What the US can learn from Australia about gun control

Australia’s response to the 1996 Port Arthur massacre offers a model for the US to emulate.

The Sandy Hook school shooting is the 15th mass shooting in the US in 2012. With the state of American gun laws, it is unsurprising that you are forty times more likely to be shot there than in the United Kingdom.

But here’s the really shocking thing. Horrific as such tragedies are, they form a minute proportion of the number of people who will be killed by guns this year in the US. While at least 88 people have been killed in mass shootings so far this year (defined as leading to the deaths of at least four people), nearly 10,000 Americans are murdered each year by guns. The vast majority of those killed are in isolated attacks.

And even this number is under half of those killed in the US each year by guns. By far the most common cause of American gun fatalities is suicides. Death by firearms is the fastest growing method of suicide in the country. Consider, too, that there were 592 firearm accident deaths in 2008, the last year for which there are statistics. While periodic massacres dominate the media coverage of guns in the US, they are merely the most egregious examples of America’s gun laws.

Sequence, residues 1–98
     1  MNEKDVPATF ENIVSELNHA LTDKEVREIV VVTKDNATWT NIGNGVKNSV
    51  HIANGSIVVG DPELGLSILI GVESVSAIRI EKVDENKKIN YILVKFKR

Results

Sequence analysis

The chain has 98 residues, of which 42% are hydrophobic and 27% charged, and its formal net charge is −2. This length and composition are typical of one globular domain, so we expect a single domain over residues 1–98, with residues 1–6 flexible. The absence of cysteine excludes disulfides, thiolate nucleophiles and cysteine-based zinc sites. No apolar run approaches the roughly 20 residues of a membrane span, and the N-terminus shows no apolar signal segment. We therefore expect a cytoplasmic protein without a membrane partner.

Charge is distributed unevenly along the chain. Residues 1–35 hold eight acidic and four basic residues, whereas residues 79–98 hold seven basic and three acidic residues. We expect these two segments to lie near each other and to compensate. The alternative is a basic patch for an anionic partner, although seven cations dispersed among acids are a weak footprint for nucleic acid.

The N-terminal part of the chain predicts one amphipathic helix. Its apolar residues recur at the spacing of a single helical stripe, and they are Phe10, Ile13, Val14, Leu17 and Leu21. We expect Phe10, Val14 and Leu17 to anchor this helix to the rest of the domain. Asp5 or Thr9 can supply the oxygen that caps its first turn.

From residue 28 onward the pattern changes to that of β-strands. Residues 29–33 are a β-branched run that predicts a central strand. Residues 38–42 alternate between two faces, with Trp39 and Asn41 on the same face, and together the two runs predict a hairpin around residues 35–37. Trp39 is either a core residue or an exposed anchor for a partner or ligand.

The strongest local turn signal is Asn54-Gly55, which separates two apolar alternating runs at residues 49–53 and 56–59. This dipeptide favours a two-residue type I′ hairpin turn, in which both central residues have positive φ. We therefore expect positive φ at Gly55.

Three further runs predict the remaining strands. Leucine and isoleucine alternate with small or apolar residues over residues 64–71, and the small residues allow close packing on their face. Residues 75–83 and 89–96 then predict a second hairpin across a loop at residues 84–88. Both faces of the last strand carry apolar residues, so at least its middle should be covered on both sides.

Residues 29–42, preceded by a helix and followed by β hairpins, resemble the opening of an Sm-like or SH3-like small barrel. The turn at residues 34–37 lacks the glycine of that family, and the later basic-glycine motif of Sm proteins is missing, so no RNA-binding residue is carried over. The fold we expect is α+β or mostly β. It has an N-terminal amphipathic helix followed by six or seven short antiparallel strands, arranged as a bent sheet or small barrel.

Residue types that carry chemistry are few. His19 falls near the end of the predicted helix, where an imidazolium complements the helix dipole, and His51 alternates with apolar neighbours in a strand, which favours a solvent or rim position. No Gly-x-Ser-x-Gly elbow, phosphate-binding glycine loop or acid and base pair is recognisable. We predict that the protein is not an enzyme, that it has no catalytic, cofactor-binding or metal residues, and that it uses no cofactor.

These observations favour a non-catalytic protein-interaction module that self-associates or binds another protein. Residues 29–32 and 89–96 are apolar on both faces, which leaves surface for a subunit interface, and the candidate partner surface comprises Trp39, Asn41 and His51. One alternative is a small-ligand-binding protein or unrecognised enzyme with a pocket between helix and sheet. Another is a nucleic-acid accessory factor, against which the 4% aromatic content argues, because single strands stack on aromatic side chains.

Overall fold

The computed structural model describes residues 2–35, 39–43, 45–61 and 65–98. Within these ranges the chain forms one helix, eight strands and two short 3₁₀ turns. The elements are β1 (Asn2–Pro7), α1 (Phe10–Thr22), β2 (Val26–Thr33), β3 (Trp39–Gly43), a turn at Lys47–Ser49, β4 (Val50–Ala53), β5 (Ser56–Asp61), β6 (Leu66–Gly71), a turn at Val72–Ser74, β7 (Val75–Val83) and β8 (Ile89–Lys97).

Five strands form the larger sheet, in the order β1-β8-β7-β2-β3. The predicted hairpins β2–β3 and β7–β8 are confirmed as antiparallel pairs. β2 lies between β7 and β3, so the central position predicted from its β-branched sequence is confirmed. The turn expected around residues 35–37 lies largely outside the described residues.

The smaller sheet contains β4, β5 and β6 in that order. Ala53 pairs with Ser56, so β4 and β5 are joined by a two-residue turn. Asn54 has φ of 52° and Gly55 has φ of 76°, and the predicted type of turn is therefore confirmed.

No one would pretend changing these would be easy; the BBC's Justin Webb said that any attempt to lower gun ownership could result in "something like a new civil war" The National Rifle Association has over four million members; its "Political Victory Fund" supports "pro-gun" candidates – and provides a reminder to all others of what would be unleashed against them if they voted in favour of anti-gun legislation. Consider, too, that civilian ownership of guns has increased by almost 100 million between 1995 and today; by 2020, there could be more guns in the US than people.

Yet the raw and graphic nature of the tragedy has created a more real opportunity to introduce meaningful gun-control laws than the mere statistic of 30,000 people killed by guns a year ever could. Australia, a country with a love of ‘freedom’ and guns that bears some resemblance to the US, may provide lessons on how this could be done.